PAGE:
The donation and fund-raising campaign will be used to attract medical students to the Permian Basin campus in 2009.
Nursing students offer health, safety tips during fair
LUBBOCK – The Larry Combest Community Health and Wellness Center recently sponsored the annual Community Health and Safety Fair at nearby Harwell Elementary School.
School of Nursing students, along with local health and safety organizations, educated more than 300 students on topics ranging from dental health to CPR demonstrations to proper hand-washing techniques.
The School of Nursing also offered free cholesterol, blood pressure and glucose screenings to the community during the event.
Shown in photo: Melissa Rivera, junior nursing student, discusses CPR with Harwell Elementary students.
Pharmacy association awards scholarships
AMARILLO – School of Pharmacy students recently received $15,000 in scholarship support from the West Texas Pharmacy Association.
First-year pharmacy students who received a $1,000 scholarship are Angela Bazaldua, Brooke Britten and Amanda Ulibarri. Second-year student recipients are Nathan Buerkle, Claire Jencopale, Bonnie Morrison and Norma Solis. Third- and fourth-year student recipients are Robyn McGraw (P3 – Lubbock), Kamal Bhakta (P4 - Amarillo) and Carlos Garcia (P4 – Dallas/Fort Worth).
In addition, Vern Stairs (P2) was awarded the $2,000 WTPA Lonnie Hollingsworth Scholarship; Andrea Hayes (P1) received the $1,000 WTPA Robert Stanley Scholarship; and Lubbock P4s Amanda Leach and Michelle Wickson were named co-recipients of the $2,000 WTPA Roberta High Scholarship.
Two SOP students earn prestigious scholarships
A pair of School of Pharmacy students recently were selected to receive scholarships.
Second-year student Vern Stairs has been selected to receive the Marlin Ferguson Memorial Scholarship by the Lubbock Area Society of Health-System Pharmacists. He was selected for academic achievement, integrity, dependability, consideration of others, cooperation with fellow students and school administration, and ties to Lubbock and the surrounding areas.
Rachel Mason, a fourth-year student at the main campus in Amarillo, was named recipient of an American Pharmacists Association & Wal-Mart Stores Inc. APhA 2007 Annual Meeting & Exposition Travel Scholarship. She received free registration and $300 for expenses related to attending the group’s annual meeting, which was held March 16-19 in Atlanta. She received one of only 25 such scholarships that were awarded nationally to final-year pharmacy students.
Shown in photo: Vern Stairs
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New School of Medicine position to focus on cancer
LUBBOCK – Steven L. Berk, M.D., dean of the School of Medicine, has named Everardo Cobos, M.D., as associate dean for Oncology Programs for the School of Medicine. In this position, Cobos, who currently serves as a professor in the Department of Internal Medicine, will have general oversight, direction and guidance related to hematology and oncology services, research and education on the Lubbock campus.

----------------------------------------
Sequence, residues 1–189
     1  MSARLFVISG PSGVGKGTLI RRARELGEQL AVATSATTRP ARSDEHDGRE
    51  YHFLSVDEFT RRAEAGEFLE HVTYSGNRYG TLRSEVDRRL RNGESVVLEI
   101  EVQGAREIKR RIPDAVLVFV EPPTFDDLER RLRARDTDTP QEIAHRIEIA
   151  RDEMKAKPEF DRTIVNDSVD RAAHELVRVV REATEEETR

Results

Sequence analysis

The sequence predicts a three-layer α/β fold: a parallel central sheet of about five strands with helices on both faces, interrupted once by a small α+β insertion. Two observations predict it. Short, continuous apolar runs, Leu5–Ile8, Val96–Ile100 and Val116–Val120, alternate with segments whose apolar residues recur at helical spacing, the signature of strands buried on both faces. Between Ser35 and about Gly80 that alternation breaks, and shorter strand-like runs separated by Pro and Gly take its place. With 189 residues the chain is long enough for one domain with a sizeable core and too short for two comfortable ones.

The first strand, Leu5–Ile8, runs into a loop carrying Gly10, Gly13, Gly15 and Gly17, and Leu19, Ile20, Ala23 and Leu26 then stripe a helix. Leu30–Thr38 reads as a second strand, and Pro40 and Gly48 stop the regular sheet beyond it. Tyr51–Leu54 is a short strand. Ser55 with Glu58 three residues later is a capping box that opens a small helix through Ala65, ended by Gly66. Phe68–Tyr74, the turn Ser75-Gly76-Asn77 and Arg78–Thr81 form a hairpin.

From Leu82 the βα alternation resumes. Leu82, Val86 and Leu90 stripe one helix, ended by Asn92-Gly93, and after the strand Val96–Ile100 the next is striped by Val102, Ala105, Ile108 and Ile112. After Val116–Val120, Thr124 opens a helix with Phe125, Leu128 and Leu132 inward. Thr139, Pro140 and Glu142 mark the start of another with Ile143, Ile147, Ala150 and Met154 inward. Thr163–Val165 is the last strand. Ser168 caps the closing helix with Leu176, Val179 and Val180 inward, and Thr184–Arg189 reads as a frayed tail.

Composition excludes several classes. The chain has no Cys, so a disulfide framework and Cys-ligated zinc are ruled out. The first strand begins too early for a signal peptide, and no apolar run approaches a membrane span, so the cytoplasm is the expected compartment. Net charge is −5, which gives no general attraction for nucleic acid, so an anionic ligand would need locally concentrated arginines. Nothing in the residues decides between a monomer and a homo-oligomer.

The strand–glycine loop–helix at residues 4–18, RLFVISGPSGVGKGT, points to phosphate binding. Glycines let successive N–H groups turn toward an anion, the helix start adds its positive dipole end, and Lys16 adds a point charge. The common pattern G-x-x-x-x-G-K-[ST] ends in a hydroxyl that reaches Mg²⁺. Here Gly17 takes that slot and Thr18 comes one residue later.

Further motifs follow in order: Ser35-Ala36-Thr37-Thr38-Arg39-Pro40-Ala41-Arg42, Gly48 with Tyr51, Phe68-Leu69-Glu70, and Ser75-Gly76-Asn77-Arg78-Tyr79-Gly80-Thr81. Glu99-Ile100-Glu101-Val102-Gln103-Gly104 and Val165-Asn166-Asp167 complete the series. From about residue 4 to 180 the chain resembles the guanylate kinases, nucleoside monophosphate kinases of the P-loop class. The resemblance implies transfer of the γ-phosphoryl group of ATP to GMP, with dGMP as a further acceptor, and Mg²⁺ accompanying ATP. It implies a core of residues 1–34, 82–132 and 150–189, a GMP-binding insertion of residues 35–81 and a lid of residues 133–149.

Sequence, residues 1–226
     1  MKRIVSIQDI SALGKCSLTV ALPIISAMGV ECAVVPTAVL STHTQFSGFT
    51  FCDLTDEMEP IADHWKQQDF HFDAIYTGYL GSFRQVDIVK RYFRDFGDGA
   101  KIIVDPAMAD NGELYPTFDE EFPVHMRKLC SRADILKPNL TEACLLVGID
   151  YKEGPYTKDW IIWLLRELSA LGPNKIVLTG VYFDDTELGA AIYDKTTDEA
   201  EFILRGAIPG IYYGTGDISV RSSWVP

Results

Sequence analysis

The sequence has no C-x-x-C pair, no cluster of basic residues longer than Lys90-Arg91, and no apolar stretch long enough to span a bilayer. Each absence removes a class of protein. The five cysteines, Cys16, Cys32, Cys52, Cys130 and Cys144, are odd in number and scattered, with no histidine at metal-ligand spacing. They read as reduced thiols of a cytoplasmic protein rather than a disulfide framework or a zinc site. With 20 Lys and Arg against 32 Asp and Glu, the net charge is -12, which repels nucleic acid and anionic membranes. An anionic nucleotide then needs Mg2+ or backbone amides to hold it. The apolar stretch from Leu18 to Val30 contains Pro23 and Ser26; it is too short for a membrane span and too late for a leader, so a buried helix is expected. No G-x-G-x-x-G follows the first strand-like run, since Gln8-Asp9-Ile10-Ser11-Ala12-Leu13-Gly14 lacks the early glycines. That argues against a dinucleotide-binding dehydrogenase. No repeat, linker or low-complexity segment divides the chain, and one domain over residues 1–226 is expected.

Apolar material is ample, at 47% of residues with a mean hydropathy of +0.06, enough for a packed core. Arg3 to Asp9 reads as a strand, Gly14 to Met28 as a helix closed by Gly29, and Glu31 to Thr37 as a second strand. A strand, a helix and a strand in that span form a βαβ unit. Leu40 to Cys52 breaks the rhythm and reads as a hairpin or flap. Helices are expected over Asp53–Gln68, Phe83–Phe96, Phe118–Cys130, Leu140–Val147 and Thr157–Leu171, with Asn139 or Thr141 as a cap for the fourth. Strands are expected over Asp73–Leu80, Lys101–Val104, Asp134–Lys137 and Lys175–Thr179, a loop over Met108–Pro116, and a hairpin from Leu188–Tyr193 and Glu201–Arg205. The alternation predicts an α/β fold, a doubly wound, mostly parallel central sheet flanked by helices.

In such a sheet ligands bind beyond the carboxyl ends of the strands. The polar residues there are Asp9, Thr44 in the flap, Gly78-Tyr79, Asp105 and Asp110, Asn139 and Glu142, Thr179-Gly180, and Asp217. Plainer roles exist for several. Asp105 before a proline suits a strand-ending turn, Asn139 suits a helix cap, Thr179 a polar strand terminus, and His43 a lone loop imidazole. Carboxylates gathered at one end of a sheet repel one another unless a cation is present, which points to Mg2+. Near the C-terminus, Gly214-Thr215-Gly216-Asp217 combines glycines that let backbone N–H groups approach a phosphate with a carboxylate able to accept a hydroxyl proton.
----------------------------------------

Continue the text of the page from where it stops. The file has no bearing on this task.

Cobos said a position such as this is important to cancer patients because it will allow TTUHSC to integrate all of the resources available to benefit the patients.
“This includes forming alliances with our basic scientists and clinicians and taking advantage of the fact that the Health Sciences Center has cancer experts in the schools of Pharmacy, Medicine, the Graduate School, Nursing and Allied Health Sciences,” Cobos said. “We plan to offer our patients the greatest depth of medical expertise and cancer research with the widest range of advanced diagnostic and treatment opportunities in this part of the country.”
Women's Health Research Institute receives funding from teaching hospitals
PERMIAN BASIN – Midland Memorial Hospital and Medical Center Hospital in Odessa gave $150,000 each in support of the establishment of the Women’s Health Research Institute in the Permian Basin. The funding will help to promote patient care, research, community health and medical education throughout the Permian Basin and rural West Texas.
“The Women’s Health Research Institute brings together the education programs in women’s health of both teaching hospitals of TTUHSC programs, including partnering with the Spirit of Women at Medical Center Hospital and women’s health outreach programs through Midland Memorial Hospital,” said John C. Jennings, M.D., regional dean of the School of Medicine.
Billings earns first place with research poster
LUBBOCK – Lynda Billings, instructor in the School of Nursing, displays her first-place poster during the Graduate Research Poster Competition. The poster was one of 10 (out of 82 entries) selected for exhibition at Plains Capital Bank. A reception was held at the bank on April 10 and the winners of the competition were announced on April 12.
This project examines the development and evaluation of a course of study of the fine arts designed for graduate nursing student at TTUHSC. The curriculum has been constructed to increase students’ knowledge of the arts while learning about practical applications of art interventions for patient care.
Board of Regents promotes faculty members
AMARILLO – The Texas Tech University Board of Regents recently voted to approve the promotions of a group of professors from the Amarillo schools of Medicine and Pharmacy.
School of Medicine promotions included Department of Internal Medicine Regional Chair William R. Davis, M.D., who was promoted to professor and Karen Cutts, M.D., who was promoted to associate professor of clinical internal medicine. Both promotions take effect Sept. 1.
In addition, three School of Pharmacy Department of Pharmaceutical Sciences faculty received tenure effective immediately. The group includes Kalkunte Srivenugopal, Ph.D., Jon Weidanz, Ph.D., and Ming-Hai Wang, M.D. Weidanz was also promoted to associate professor effective Sept. 1.